It is noted that, in FIGS. 1-7, the array of wire contacts 106 is positioned at a “front” side of the plug 100, corresponding to an end of the plug that is intended to be inserted into a telecommunications jack. One example of a telecommunications jack useable in connection with the plug 100 for either lower-data rate networks (e.g., networks operating at about 500 MHz or lower) or for use in connection with Category-8 systems, is described in U.S. Provisional Patent Application No. 61/789,288, filed on Mar. 15, 2013, the disclosure of which is hereby incorporated by reference in its entirety.

Referring to the plug 100 generally, a cable receiving end 110 of the plug is positioned opposite the array of wire contacts 106. The cable receiving end 110 receives a cable containing twisted pair wiring for interconnection at the plug. Example connection arrangements for such cables within a plug are illustrated in FIGS. 34-47.

As specifically illustrated in FIGS. 4-7, in some embodiments, the plug includes a mechanical switching mechanism 112. The mechanical switching mechanism is generally on the front side of the plug 100, and includes one or more surfaces positioned to interface with a corresponding jack, such as described above. In the embodiment shown in FIGS. 4-7, the switching mechanism is engaged by physical contact between a feature within the jack and a front lower corner 114 of the plug. The front lower corner 114 (or both corners, as illustrated herein) is biased in a forward position, and can engage with a switching mechanism within a jack to cause movement of the switching mechanism to an actuated position. However, within a traditional telecommunications jack, the switching mechanism 112 remains unengaged, and remains in the first position (as seen in FIGS. 4-5). Accordingly, in the first position of FIGS. 4-5, the plug can be configured to operate in a manner that is within bounds of acceptability of crosstalk compensation when below 500 MHz, but could change to a different (e.g., improved) level of crosstalk compensation for higher frequencies, and when inserted into a jack compatible with such higher-frequency operation (as in FIGS. 6-7).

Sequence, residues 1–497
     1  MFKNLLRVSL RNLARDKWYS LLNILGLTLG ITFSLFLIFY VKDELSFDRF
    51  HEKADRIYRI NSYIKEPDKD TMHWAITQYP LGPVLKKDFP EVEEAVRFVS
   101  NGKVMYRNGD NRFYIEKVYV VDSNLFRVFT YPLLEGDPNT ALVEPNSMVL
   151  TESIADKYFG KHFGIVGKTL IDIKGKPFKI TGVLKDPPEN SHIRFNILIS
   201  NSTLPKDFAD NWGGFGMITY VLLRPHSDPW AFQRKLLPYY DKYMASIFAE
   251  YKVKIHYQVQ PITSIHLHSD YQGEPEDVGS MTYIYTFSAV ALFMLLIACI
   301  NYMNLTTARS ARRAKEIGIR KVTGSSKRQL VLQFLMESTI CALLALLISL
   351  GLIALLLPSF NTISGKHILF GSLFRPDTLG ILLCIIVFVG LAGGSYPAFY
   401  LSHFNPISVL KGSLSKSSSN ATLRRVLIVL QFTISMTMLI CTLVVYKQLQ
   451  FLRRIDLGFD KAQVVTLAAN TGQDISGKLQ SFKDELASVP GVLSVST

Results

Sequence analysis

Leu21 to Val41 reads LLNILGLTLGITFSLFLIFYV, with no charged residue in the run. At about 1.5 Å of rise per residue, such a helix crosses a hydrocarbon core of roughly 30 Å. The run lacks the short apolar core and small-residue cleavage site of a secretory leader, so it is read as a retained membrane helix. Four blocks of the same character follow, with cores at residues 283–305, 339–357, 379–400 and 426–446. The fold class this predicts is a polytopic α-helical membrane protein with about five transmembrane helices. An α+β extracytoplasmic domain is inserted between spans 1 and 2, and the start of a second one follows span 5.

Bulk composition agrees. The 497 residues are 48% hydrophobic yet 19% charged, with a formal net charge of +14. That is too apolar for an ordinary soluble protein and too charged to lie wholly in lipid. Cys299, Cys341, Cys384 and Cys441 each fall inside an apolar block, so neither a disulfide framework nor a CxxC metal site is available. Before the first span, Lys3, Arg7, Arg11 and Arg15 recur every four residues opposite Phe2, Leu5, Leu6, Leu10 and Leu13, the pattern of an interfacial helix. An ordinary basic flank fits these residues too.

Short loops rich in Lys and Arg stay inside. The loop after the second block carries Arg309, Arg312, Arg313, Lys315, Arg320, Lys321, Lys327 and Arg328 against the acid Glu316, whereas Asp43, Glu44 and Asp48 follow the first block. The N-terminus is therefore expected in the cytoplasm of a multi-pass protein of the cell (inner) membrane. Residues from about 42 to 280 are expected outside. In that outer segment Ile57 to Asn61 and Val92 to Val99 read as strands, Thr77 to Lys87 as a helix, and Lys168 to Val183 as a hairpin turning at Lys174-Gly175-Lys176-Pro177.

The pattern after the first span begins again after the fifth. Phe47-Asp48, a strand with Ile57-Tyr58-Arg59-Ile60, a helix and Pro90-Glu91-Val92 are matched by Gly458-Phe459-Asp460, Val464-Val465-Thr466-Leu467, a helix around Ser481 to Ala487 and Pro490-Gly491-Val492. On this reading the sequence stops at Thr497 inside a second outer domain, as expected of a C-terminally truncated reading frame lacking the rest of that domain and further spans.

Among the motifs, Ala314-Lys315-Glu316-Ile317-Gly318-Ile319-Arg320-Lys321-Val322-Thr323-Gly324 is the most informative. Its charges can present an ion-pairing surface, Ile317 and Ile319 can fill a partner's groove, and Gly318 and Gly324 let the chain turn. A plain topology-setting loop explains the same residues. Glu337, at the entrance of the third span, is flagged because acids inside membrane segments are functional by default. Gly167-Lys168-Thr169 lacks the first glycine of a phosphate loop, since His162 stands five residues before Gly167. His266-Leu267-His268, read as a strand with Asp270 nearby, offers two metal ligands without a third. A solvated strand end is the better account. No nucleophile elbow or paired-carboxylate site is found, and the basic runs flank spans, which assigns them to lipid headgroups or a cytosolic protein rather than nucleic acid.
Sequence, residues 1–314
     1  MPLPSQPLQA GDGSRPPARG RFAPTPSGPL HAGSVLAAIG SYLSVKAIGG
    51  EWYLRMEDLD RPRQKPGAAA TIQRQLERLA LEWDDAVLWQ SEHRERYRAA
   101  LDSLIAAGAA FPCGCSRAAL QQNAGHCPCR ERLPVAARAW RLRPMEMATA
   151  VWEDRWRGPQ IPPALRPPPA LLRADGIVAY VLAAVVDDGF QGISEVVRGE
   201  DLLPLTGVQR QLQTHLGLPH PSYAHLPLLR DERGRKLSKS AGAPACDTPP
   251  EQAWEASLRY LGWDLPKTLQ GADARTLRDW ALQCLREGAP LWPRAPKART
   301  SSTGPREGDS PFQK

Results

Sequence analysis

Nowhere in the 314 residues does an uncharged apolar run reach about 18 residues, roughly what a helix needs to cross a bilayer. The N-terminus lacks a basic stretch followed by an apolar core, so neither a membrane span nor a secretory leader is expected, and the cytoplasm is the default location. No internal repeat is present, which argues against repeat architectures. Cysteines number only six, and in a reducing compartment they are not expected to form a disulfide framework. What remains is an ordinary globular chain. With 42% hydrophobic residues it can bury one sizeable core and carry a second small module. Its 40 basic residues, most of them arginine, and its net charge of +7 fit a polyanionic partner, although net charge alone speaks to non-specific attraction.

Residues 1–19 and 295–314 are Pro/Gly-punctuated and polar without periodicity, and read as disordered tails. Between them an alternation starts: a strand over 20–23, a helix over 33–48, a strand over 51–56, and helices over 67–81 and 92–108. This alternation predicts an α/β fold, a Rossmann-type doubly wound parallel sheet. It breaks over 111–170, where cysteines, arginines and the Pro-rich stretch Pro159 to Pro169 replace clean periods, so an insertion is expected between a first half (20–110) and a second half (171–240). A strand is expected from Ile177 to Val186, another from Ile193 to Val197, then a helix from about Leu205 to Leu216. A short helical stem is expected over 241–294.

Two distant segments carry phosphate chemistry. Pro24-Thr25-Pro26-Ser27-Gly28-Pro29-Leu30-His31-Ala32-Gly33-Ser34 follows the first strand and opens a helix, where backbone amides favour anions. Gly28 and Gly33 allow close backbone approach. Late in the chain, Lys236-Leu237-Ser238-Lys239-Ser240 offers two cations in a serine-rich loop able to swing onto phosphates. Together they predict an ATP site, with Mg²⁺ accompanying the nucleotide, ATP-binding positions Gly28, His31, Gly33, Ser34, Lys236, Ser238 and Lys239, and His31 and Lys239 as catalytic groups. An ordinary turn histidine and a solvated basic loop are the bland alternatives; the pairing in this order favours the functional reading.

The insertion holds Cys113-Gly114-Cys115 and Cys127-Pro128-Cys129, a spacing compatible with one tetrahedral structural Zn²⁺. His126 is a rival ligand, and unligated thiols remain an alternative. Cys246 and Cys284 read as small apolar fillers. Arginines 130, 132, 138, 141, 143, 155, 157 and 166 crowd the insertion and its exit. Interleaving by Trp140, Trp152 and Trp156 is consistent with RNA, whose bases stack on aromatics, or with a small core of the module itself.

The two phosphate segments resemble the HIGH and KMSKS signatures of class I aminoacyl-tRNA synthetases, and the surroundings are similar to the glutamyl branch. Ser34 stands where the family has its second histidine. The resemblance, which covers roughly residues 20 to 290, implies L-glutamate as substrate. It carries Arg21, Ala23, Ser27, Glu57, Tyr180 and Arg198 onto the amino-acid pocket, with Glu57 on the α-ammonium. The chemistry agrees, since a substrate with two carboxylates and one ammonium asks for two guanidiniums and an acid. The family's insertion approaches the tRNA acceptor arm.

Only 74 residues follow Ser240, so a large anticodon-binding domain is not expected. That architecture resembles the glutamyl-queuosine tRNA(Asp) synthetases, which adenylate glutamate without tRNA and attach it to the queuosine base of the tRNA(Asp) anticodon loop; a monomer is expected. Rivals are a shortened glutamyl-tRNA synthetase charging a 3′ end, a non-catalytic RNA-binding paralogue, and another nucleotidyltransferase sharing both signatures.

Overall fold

Now referring to FIGS. 8-18, one example arrangement for spring biasing and switching of components within a telecommunications jack is shown. In this embodiment, shown as telecommunications plug 200, a switching mechanism 212 includes a slidable chassis 214 having a front portion 215 positioned in a front lower corner of the plug 200. The slidable chassis 214 is spring-biased (e.g., via spring 213) toward a front of the plug 200. As seen best in FIGS. 12-13, the slidable chassis 214 at least partially surrounds a bottom side of a circuit board 216 on which contacts 206 are disposed. By switching the slidable chassis 214 between a first position (seen in FIGS. 8-9, 12, 13) and a second position (seen in FIGS. 10-11, 14) a secondary board 220 can be selectively connected with contacts 206. The secondary board 220 can, in some embodiments, include crosstalk that can selectively be included in-line (i.e., connected between a wire connection on a rear end of the circuit board 216 (discussed below) and contacts 206. In particular, in FIGS. 15 and 17, secondary board 220 connects a crosstalk scheme to the contacts 206, while in FIGS. 16 and 18, the secondary board 220 is disconnected from the contacts 206. In this configuration, the crosstalk scheme included in the secondary board 220 can be used when the plug 200 remains in a first (non-compressed) position, while the crosstalk scheme is disconnected when the plug 200 is in a second, compressed position. Accordingly, the plug 200 is designed such that the additional capacitive crosstalk is only used for backwards-compatibility, i.e., for data transmission frequencies below and up to about 500 MHz, while for increased frequencies, the capacitive crosstalk is removed.